All posts by stephaniecappa

Rally for Justice in Iberá: FRIDAY 2pm @ WIDENER

Rally to Stop Harvard’s Argentine Mismanagement and Exploitation

Harvard needs to hear the message from us LOUD AND CLEAR: END the abuses. We are ONE Harvard community, and we deserve ONE set of standards. 

Will you join us to on April 11th as we unite across the 4000 miles between Corrientes and Harvard Yard to demand an end to the injustice? 

HARVARD INJUSTICES IN IBERÁ: 
For 7 years, Harvard-owned plantations in the Argentine Iberá Wetlands have jeopardized Emilio and Adrian’s communities and their way of life, squeezing out profits in the name of Harvard students’ benefit.

RALLYING FOR JUSTICE:
Join the Responsible Investment at Harvard Coalition for an epic RALLY on FRIDAY, APRIL 11th at 2PM to honor Emilio and Adrian’s visit to Cambridge and hear their account firsthand.

CO SPONSORS:
Responsible Investment at Harvard Coalition
Students for a Just and Stable Future
Food and Water Watch
Student Labor Action Movement
Harvard Developers for Development
Harvard College Progressive Jewish Alliance
Harvard College Palestine Solidarity Committee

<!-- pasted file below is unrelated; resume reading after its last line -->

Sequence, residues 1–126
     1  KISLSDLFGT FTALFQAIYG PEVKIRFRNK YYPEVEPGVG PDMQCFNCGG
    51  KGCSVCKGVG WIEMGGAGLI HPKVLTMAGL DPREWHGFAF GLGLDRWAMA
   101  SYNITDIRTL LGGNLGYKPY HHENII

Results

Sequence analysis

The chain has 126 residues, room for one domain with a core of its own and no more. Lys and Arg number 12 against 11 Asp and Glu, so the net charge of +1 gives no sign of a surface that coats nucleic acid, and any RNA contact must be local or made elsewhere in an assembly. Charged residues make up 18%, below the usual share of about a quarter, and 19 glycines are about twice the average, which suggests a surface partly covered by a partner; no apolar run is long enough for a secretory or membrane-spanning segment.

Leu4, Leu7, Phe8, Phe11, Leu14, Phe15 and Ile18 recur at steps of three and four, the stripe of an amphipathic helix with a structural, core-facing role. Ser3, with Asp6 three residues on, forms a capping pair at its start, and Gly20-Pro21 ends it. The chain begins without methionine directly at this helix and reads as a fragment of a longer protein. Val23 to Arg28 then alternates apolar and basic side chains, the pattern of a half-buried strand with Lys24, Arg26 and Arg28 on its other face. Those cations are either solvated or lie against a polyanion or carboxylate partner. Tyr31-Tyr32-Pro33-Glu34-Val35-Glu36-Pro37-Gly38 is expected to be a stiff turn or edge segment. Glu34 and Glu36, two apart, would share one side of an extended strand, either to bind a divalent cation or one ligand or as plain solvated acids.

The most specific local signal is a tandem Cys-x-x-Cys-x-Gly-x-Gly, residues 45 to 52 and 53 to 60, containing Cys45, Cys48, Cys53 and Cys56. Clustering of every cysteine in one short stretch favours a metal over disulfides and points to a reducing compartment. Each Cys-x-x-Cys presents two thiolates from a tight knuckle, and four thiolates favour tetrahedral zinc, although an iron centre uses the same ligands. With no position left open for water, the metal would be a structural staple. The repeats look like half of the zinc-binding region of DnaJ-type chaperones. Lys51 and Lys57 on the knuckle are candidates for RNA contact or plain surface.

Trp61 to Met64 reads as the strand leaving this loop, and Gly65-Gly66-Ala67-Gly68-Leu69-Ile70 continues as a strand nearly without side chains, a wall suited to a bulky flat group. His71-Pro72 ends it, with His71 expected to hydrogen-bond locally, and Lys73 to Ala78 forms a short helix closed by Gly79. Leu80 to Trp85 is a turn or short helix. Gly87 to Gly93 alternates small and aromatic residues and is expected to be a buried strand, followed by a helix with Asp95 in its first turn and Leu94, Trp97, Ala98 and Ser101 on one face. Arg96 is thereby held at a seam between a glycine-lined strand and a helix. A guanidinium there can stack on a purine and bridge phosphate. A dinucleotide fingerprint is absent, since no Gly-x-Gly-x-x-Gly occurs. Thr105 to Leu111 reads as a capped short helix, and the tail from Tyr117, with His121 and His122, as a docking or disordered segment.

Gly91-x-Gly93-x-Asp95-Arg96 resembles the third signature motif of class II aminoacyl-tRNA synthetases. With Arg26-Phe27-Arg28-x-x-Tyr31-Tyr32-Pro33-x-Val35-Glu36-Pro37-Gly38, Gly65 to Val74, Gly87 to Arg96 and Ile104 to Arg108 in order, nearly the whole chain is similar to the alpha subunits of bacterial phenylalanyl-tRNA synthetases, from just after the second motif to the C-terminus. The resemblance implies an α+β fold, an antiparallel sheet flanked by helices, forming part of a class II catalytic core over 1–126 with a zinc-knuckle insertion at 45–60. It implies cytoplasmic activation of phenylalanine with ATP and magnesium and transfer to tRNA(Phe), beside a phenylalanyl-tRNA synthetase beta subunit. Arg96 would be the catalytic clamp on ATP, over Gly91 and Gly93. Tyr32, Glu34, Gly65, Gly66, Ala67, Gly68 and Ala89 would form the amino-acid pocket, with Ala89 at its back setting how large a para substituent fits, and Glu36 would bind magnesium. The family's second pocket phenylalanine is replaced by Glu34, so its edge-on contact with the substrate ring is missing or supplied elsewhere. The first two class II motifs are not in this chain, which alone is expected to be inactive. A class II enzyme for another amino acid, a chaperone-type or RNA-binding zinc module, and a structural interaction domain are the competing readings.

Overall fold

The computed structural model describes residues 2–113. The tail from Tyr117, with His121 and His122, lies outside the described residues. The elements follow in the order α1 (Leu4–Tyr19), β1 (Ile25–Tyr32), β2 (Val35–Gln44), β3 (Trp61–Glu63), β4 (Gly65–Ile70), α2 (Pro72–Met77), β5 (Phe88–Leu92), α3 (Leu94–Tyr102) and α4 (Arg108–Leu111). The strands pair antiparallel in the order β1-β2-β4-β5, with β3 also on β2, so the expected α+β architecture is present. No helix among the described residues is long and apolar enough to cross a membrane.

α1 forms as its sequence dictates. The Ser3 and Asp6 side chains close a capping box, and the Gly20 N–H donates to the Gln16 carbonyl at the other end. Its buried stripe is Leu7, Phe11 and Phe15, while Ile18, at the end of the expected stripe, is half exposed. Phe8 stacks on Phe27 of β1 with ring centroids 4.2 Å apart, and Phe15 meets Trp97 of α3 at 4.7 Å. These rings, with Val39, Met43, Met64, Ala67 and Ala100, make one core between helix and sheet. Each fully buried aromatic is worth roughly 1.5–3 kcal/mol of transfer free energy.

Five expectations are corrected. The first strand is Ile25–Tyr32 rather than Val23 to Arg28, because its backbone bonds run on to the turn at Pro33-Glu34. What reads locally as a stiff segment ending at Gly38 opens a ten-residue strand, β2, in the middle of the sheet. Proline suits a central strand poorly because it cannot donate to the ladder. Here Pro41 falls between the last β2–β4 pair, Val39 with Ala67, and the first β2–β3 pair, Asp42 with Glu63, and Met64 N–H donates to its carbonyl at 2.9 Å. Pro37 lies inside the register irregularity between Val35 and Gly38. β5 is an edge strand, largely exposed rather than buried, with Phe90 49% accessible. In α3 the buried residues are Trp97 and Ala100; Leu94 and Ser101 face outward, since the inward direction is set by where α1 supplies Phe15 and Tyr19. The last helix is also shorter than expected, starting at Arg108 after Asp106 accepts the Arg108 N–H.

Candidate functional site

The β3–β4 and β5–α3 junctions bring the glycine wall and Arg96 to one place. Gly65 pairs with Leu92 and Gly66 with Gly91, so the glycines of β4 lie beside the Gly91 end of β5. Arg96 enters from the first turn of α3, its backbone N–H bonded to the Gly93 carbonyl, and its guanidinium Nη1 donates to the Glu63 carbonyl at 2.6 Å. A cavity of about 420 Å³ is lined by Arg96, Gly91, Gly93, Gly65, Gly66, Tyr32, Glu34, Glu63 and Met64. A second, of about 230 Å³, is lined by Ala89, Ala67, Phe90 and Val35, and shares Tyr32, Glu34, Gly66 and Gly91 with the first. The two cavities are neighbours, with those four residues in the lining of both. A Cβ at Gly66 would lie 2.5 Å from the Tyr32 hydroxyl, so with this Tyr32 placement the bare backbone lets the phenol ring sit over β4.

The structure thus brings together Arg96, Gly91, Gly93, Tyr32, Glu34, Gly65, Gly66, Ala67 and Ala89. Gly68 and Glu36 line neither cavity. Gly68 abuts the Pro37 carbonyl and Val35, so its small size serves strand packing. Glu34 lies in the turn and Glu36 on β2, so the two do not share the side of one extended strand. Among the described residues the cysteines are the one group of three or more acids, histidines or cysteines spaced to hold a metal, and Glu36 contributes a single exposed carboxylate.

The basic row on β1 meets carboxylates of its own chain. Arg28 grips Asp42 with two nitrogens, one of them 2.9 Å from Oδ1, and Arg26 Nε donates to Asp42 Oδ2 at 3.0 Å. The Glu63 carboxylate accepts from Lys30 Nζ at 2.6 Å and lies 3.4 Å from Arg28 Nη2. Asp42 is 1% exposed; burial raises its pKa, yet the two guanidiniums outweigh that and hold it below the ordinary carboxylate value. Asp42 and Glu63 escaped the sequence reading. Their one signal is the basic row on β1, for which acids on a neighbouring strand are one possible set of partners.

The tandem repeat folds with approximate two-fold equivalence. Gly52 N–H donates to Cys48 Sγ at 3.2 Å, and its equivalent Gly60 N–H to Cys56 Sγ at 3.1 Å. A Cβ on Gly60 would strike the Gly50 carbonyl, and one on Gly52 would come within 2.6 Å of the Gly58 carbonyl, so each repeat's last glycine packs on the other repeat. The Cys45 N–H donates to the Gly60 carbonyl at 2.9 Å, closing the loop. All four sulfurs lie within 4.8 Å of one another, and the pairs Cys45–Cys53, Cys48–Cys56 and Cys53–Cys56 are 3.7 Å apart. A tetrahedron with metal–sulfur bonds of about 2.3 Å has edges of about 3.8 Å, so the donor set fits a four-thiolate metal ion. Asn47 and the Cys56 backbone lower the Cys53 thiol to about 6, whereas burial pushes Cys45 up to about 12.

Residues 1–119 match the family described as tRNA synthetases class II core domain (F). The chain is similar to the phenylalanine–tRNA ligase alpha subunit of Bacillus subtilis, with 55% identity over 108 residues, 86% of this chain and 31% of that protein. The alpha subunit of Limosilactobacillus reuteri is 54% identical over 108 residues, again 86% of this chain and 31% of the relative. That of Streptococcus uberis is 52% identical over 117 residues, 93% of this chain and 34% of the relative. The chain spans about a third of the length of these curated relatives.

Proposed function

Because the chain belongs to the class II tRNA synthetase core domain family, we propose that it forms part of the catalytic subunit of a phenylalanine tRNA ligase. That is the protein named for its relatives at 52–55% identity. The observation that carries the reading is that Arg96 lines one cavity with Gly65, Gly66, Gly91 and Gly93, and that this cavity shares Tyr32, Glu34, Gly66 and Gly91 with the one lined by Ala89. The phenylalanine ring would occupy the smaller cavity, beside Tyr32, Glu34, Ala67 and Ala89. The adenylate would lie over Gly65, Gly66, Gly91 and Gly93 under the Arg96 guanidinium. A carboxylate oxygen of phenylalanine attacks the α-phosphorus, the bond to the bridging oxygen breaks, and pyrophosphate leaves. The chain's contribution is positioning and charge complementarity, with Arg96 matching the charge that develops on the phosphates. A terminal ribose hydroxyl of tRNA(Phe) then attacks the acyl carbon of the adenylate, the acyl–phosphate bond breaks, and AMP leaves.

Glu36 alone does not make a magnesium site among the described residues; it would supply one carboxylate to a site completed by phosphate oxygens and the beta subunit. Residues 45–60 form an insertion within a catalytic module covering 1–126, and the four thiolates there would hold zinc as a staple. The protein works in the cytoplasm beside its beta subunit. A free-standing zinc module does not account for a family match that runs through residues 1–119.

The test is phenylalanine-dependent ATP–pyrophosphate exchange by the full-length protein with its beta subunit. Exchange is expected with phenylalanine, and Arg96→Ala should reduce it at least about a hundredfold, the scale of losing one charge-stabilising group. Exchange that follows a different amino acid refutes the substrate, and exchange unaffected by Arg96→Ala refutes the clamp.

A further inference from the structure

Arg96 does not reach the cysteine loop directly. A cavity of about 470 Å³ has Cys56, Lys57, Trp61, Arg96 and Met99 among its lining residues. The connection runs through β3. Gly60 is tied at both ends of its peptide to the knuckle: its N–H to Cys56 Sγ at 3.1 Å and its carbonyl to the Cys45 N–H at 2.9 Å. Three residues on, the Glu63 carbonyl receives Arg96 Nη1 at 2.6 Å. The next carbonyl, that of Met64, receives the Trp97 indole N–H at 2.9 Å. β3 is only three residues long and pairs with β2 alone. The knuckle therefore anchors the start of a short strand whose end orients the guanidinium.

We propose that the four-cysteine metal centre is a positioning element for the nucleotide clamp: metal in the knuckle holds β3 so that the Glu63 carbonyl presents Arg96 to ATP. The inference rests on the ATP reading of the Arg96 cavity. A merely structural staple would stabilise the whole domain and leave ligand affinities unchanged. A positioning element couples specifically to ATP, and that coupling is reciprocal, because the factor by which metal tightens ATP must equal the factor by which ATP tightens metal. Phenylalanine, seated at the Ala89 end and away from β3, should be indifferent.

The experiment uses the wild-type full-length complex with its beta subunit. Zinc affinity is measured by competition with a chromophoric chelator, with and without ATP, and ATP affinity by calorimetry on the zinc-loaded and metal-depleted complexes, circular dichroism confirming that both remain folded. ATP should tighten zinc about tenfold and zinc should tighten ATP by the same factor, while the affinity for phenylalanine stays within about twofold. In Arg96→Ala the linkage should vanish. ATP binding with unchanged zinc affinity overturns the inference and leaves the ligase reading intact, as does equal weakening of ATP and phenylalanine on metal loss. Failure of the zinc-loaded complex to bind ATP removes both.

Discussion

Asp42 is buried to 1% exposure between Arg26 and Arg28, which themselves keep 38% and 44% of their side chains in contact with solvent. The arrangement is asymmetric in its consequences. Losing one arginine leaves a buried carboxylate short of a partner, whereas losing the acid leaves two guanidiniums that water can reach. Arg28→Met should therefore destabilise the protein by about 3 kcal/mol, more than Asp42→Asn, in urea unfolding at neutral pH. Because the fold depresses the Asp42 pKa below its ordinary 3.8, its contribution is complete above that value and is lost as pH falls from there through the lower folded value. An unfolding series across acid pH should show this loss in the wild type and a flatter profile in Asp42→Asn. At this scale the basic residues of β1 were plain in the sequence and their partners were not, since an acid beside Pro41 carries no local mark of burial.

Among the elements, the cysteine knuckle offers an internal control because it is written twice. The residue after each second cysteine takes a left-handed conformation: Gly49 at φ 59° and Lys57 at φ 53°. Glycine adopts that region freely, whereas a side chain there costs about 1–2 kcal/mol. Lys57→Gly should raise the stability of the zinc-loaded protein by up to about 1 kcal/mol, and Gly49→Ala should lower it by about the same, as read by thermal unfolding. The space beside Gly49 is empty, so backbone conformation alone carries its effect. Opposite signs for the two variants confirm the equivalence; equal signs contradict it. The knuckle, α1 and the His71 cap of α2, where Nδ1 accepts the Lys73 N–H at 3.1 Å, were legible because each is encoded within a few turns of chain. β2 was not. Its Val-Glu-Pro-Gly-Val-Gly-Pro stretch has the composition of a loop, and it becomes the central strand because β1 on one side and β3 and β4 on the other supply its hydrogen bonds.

Responsible Endowments Coalition
Harvard Kennedy School Progressive Caucus
Harvard College Environmental Action Committee
HealthRoots at Harvard School of Public Health

This rally is part of the Stop Harvard’s Argentinian Mismanagement and Exploitation (SHAME) Tour week-of-action from April 5 to 16th.

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President Faust responds, won’t discuss Chilean investments

On August 6, 2013, Harvard President Drew Faust emailed the Responsible Investment at Harvard Coalition regarding our concerns with Harvard’s investment practices. She declined our invitation to talk about responsible investing but said she will continue to remain aware of discussions taking place on campus.

We are glad that our president is paying attention to those who are calling for investment transparency and accountability at Harvard. Yet we are disappointed that President Faust has again declined to investigate and mitigate risks to the environment, workers, and communities.

In order to learn about what is really happening in communities where Harvard is investing, members of our Coalition are in contact with individuals and local organizations at home and abroad. We intend to release findings shortly, as this information is critical to assessing Harvard’s investments.

We expect that President Faust will not only listen to these findings but take action.

  • Read the full letter from President Faust to RI@H below.

Dear Members of the Responsible Investment at Harvard Coalition,